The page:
and the towns of Quepos
, Jaco and Puntarenas on the Pacific Coast. Beauitful soft, white sandy beaches line the Pacific side, as well as tropical rainforests, and families will find lots of wildlife like sloths, monkeys, birds and more.
The Caribbean Sea stretches along the 200 miles of coastline on the Caribbean side and Limon is a popular destination. Birds and sea turtles nest on this side of Costa Rica and Tortugero National Park is a great place to see the turtles hatch. The beaches on this coast are picturesgue, so if your Costa Rican family vacation plan is to lounge on the beach, this is the coast for you. Black, yellow and gray sandy beaches can be found here, along with coral reefs that make it a great place for snorkeling.
Central Valley or San Jose
As the country's capital, San Jose
is a bustling "city" with lots of history and culture for families to enjoy. The San Jose International Airport is located here, so many visitors will arrive here. Costa Rica's many museums like the Jade Museum
and Children's Museum
are located in San Jose, along with the National Theater. While families won't find any beaches in San Jose, there are volcanos bordering the Central Valley.
Tropical rainforests, cloud forests and mountain ranges can be found in the Cartago Province, which is situated between Limon and San Jose, less than an hour away. The city of Cartago is at the base of the Irazu Volcano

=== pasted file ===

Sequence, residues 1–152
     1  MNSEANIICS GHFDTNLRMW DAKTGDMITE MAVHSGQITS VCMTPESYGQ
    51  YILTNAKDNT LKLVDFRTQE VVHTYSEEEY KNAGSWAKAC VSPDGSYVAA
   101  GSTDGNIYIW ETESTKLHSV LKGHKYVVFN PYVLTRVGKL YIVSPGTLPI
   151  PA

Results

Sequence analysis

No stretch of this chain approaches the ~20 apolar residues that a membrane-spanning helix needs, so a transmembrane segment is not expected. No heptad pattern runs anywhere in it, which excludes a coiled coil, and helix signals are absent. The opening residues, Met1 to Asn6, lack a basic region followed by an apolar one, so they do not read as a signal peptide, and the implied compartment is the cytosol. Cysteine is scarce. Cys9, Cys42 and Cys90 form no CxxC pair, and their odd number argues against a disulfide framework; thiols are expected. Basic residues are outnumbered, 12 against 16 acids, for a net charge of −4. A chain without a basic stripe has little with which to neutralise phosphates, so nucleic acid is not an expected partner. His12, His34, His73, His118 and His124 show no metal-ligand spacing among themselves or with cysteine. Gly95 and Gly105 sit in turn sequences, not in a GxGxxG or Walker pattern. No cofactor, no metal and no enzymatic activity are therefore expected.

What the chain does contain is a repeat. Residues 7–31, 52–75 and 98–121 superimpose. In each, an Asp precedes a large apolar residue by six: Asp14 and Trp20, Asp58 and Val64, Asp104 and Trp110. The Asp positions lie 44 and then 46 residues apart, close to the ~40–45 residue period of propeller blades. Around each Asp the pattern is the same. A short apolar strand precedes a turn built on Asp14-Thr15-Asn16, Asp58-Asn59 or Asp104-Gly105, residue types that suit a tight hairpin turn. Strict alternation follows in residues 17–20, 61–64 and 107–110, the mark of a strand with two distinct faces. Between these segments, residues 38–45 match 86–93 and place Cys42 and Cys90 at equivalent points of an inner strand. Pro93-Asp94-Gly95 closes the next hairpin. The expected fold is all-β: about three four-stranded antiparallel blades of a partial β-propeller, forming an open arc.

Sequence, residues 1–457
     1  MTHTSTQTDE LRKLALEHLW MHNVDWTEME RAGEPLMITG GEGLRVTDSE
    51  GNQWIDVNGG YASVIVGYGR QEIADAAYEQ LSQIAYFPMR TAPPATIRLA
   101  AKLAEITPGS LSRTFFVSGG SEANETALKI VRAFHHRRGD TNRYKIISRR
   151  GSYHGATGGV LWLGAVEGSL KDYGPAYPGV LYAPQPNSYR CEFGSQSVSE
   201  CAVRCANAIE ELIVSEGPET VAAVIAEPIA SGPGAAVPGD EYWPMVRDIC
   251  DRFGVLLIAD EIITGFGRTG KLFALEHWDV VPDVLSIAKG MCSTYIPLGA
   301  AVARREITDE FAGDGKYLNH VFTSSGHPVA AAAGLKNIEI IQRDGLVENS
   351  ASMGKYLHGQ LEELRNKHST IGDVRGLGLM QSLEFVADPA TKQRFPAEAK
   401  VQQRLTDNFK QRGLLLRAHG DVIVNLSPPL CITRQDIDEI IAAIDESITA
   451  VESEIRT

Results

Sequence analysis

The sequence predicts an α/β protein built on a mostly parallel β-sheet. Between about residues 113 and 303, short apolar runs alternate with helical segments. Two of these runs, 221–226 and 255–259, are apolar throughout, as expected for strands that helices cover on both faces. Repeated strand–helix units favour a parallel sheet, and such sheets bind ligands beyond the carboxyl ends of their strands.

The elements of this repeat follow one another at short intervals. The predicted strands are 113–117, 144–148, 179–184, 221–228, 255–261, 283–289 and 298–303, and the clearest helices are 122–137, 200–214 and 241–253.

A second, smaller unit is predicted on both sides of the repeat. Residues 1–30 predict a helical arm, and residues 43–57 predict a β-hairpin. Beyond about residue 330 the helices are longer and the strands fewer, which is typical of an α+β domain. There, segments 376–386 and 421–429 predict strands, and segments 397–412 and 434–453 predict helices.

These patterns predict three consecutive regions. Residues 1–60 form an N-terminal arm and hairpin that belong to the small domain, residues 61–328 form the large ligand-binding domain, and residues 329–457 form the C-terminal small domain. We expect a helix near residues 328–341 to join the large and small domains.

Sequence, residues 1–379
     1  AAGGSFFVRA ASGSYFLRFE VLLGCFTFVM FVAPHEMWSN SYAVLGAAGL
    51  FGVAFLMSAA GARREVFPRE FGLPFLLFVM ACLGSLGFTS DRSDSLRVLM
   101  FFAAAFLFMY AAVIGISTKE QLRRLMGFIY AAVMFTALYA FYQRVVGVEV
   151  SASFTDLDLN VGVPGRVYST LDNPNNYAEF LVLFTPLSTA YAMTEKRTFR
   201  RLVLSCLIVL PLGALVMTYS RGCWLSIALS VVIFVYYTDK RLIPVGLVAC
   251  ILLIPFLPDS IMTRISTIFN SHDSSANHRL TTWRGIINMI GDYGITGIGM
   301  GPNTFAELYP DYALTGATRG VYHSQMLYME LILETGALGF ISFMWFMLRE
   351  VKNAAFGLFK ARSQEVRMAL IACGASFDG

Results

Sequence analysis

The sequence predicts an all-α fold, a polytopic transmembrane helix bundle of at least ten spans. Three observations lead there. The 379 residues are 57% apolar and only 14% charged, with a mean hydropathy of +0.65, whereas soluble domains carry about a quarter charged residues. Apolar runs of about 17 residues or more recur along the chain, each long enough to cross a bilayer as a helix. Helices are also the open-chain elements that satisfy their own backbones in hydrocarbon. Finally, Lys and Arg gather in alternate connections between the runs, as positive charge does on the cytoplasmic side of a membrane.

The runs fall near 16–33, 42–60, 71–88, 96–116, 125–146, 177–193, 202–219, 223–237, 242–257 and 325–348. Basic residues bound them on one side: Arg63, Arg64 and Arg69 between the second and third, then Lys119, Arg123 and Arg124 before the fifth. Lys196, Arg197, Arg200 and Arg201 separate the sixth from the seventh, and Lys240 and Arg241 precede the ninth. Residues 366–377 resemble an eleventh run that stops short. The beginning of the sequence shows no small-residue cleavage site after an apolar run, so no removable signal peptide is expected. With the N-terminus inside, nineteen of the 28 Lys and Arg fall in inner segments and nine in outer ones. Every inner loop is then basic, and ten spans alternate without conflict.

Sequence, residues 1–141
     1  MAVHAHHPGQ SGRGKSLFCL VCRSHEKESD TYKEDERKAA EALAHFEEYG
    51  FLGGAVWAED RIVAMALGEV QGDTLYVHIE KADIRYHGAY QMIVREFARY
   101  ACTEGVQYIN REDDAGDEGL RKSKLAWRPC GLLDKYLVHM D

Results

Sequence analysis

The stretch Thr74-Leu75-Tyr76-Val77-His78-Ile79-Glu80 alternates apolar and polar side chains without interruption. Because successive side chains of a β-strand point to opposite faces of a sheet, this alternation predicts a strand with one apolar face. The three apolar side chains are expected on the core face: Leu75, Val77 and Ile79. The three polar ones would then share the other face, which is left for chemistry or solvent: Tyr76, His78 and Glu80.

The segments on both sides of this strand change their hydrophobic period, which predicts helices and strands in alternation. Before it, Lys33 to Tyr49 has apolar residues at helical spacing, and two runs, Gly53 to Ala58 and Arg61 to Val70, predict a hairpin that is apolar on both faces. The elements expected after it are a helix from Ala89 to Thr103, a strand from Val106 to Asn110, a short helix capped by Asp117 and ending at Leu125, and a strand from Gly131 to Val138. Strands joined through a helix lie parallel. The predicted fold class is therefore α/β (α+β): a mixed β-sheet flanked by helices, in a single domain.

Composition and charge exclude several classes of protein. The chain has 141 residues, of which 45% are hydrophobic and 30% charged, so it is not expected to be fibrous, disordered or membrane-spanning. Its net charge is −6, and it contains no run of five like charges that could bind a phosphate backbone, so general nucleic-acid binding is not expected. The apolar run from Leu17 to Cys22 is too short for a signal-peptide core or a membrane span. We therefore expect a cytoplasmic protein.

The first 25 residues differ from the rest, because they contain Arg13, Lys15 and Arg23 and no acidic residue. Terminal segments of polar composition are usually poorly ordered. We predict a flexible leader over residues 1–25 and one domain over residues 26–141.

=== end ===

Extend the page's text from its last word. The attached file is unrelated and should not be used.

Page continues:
and families will love to visit the Central Market and coffee plantations here.
For adventure, visit the northern plains of the smallest Costa Rican province. In Sarapiqui
, families can find an excellent adventure tour company called Aventuras del Sarapiqui
for whitewater rafting, zip-lining, horseback riding and more. Many of the more than 900 species of birds that inhabit Costa Rica can be found in Heredia region, too.
Two of the country's most impressive volcanos can be found in the Alajuela region
. The Arenal Volcano
and its numerous hot springs are located in the city of San Carlos, and the Poas Volcano
, surrounded by a cloud forest, offers excellent landscapes. Waterfalls and whitewater rafting are also big in the Alajuela Region of Costa Rica, which is north of San Jose and borders Nicaragua.
The north end of the country, closest to Nicaragua, runs along the Pacific Ocean and features some of the most beautiful white-sand beaches and calm blue waters you may ever see. The Daniel Oduber International Airport is located in Liberia, along with the tourist towns of Santa Cruz and Tamarindo. Guanacaste is heavily visited by local and international tourists because along with its gorgorous beaches, there are tropical forests and mountain forests.
The only "problem" for visitors to Costa Rica is the temptation to try to do it all in one family vacation. Our advice? Don't. Avoid spending too much time on the road. Instead, pick a few regions to visit, and select one hotel in each area to use as a base for day trips.
Written by Courtney Elko less